On the basis of a prospective random sample investigation of 611 alcohol-related visits to the four psychiatric emergency units of the City of Copenhagen, demographic variables, referral sources and dispositions of treatment are described. On every 10th day throughout 1985 all visits were registered. The distribution of all variables except age and sex deviate significantly from those of non-alcohol-related visits. Thus fewer alcoholics cohabit and more are divorced. 25% of the alcohol-related visits resulted in an overnight stay in the unit, while 10% resulted in admission to the psychiatric ward. For non-alcohol-related visits the proportions were the reverse.
Immigrants from non-Western countries occupy a fifth of the beds in an acute psychiatric department. There is a prevailing clinical impression that they have higher morbidity than the traditional Norwegian population. MATERIAL: A one-year cohort of patients, n = 415, was retrospectively investigated, 80 of whom had a non-Western background. RESULTS: The proportion of immigrant patients from the department's catchment area was 49 in 10 000, compared to 52 in 10 000 for traditional Norwegian patients, p = 0.72. Significantly more of the immigrants were men, they were younger, they got more compulsory treatment, and more often a diagnosis of psychosis, but they had less substance abuse problems. Suicidality was evenly distributed in both groups. INTERPRETATION: Our clinical impression of a higher frequency of referral of immigrants was not substantiated. However, it is suggested that immigrants have greater difficulties in presenting their psychiatric problems to a general practitioner; hence they probably develop more severe symptoms before referral. The low incidence of referral of female immigrants could indicate a higher level of functioning, or cultural barriers to exhibiting problems.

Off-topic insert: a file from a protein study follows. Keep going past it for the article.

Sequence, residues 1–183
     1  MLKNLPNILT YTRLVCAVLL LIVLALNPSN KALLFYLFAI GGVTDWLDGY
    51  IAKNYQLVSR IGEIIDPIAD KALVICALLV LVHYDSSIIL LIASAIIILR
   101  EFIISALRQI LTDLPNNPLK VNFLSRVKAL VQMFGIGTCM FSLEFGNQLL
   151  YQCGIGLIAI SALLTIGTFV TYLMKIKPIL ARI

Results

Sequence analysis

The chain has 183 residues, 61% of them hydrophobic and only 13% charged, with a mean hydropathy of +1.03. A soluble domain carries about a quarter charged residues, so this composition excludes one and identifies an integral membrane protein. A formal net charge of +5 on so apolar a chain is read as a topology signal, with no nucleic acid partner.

Comment In: Tidsskr Nor Laegeforen. 2004 May 6;124(9):1278; author reply 127815131720
With standard community resources, managing some patients with long-term mental illness can prove difficult, given the high level of care required. How many beds do such patients require? The study examined the prevalence, diagnostic and behavioral characteristics, and residential arrangements of a cohort of these patients in a semirural area of Canada (population of 291,500). The area has always functioned without a psychiatric hospital.
A cross-sectional inquiry was made of all relevant institutions and residential facilities (including the local jail and shelters). Key stakeholders were interviewed and provincial databases were accessed in an effort to identify all adults aged 18 to 65 originating from the catchment area who displayed both a psychotic illness and severe behavioral disturbance necessitating ongoing close supervision. The Riverview Psychiatric Inventory was used to describe and quantify behavioral problems.
Thirty-six patients met the study criteria, for a prevalence of 12.4 per 100,000 in the general population. Most resided in a publicly funded nursing home or a well-staffed rural group home. Four (prevalence of 1.4 per 100,000) had a forensic profile, needed secure settings, and were long-term residents on acute care wards. Only one patient had transferred to a psychiatric hospital outside the catchment area.